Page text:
I wondered how many plants they’d have the next year.  With limited information, what would a best guess look like?  With only three points, you can use a variety of functions to predict the next one – which function makes the most sense?  The only other information we have is that the person quoted is evidently a professional gardener.

Monday, October 28, 2013

The nearsighted man

I heard this problem from a teacher a couple weeks ago -

A nearsighted man can see things only if they’re 3 feet or closer.  If he stands 2 feet in front of a mirror, can he see his reflection?

He said he consistently finds people split on this, and hasn’t found a compelling proof one way or the other.  I humbly offer up the following “proof without words” –  but what does it show?

mirror focus

Wednesday, October 16, 2013

Pancake Toss

I made my kids some Angry Birds pancakes - what better way to serve them than with a high velocity launch?  Use the points to figure out if the second pancake lands on the plate or not!  First one to tell me wins!


Bonus points if you collect some data to find the equation of the first pancake's flight:

Sunday, October 13, 2013

Angry Nerds

Fellow teacher Casey Alexander and I attended the Northwest Math Conference this weekend – I’ll be posting some ideas about it in coming days.  We presented a session called “Angry Birds Teach Math,” in which we shared some Angry Birds math resources, and even shot actual angry birds at the audience.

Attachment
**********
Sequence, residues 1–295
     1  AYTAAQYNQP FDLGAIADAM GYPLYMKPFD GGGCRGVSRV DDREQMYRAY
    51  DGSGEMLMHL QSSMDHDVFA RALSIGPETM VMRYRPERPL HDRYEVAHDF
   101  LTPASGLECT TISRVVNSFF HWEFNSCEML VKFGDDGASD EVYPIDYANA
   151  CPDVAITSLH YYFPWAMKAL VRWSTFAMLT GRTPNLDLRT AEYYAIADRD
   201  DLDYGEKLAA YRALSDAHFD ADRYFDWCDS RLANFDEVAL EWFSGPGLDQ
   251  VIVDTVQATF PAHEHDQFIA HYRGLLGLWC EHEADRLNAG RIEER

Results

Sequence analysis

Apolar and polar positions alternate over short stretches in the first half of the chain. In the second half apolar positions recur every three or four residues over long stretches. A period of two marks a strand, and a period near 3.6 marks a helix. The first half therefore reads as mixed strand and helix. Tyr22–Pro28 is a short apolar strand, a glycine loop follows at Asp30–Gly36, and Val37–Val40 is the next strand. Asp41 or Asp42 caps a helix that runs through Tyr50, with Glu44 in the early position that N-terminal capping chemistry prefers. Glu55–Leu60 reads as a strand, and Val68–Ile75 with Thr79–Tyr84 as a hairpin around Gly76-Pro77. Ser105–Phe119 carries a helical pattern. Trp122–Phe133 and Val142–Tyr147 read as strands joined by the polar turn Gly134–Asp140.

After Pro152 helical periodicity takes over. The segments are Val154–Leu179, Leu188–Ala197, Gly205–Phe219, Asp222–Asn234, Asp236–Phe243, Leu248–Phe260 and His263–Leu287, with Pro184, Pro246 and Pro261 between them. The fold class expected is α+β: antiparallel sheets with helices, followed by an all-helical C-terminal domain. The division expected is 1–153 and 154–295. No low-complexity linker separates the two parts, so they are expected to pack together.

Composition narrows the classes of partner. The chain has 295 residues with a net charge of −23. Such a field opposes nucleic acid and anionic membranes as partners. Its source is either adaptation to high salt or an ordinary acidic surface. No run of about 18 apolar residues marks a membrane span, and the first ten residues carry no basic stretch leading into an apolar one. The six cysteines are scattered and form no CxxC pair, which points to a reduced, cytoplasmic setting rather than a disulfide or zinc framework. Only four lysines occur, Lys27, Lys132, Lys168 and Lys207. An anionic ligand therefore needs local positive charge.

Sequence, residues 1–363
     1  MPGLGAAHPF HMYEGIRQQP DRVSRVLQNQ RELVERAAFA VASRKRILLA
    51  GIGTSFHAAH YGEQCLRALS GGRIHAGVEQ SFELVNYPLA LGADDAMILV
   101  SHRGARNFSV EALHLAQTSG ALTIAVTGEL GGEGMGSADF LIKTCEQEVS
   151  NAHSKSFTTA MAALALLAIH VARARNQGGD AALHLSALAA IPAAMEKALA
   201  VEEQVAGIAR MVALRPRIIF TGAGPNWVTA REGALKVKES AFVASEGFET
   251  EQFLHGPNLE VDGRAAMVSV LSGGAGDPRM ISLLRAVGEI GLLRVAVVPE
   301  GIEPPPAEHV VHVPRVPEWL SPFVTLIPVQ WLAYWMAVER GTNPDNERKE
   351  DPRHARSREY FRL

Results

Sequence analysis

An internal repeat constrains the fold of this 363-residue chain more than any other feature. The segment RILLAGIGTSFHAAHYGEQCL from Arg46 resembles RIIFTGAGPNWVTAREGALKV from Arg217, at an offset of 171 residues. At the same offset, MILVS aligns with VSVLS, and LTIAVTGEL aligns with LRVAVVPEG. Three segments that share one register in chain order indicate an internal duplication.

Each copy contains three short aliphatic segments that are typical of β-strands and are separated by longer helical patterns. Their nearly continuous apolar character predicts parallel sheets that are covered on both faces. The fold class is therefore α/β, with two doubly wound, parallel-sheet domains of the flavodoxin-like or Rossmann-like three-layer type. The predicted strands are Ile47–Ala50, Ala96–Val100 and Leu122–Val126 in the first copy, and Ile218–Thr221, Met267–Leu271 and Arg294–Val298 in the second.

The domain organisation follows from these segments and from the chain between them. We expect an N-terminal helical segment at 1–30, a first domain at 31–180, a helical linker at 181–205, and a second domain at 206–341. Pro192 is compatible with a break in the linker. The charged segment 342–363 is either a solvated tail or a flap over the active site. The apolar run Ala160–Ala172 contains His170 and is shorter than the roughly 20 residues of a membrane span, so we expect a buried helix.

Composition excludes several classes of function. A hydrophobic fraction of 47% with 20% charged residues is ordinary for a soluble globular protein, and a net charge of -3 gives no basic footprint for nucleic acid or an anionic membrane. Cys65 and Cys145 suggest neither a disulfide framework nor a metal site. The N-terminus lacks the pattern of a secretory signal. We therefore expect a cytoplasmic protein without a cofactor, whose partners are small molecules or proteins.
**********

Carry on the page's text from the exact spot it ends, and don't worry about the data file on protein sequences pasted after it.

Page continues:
angry birds teach math

Tuesday, October 8, 2013

Finding the center of a circle

As I was working on a lazy Susan in my workshop the other day, I needed to find the center of a circle I had made (I had covered up the mark on the other side that I used for the compass).  Luckily I had paid attention in geometry (at least when I taught it), and used a couple of perpendicular chord bisectors.  Thanks, math!
find the center of a circle

Wednesday, August 28, 2013

Math Mystery: Water Challenge

Another video I made for MathMovesU.  Try it out before you check the solution:

Monday, July 15, 2013

Happy faces

1-IMAG0884
My parents still have a basket of baby toys from the early eighties, and I came across this one recently.  These happy faces are linked in such a way that they can rotate together and don’t come apart.  Here’s a question to ponder: Beginning with the orientation in the photo, if you hold one of the gears still and rotate the other one halfway around it, will the smiley be upside-down, right side up, or neither?

Monday, June 24, 2013

Math Mystery

MathMovesU, a multi-faceted math awareness program by Raytheon, recently posted some video puzzles for kids to think about or teachers to incorporate into lessons.  I did the drawing for these, the first puzzle being a reincarnation of the Monty Hall problem:

I don’t take credit for the script however; the solution could probably have been presented more clearly:

Friday, June 7, 2013

Noisemakers

Billions-of-cicadas-to-swarm-East-CoastThese lovable critters emerge from the ground in 13- or 17-year cycles, capitalizing on the power of prime numbers to keep away from predators with periodic population cycles and other cicada broods.  Here’s a cool interactive cicada map you can play with. 

Cicadas remind me of the white noise machine I used to have on my bedside table – and not because they sound alike.  As I would fall asleep, I would inevitably begin focusing on the repetition in the “babbling brook” sound pattern - the machine just played back a loop about 30 seconds in duration.

I always thought it would be a better use of the machine’s memory to store two shorter loops and play them together.  For example, a 13-second and a 17-second loop would get you 221 seconds (13x17) of noise before repeating.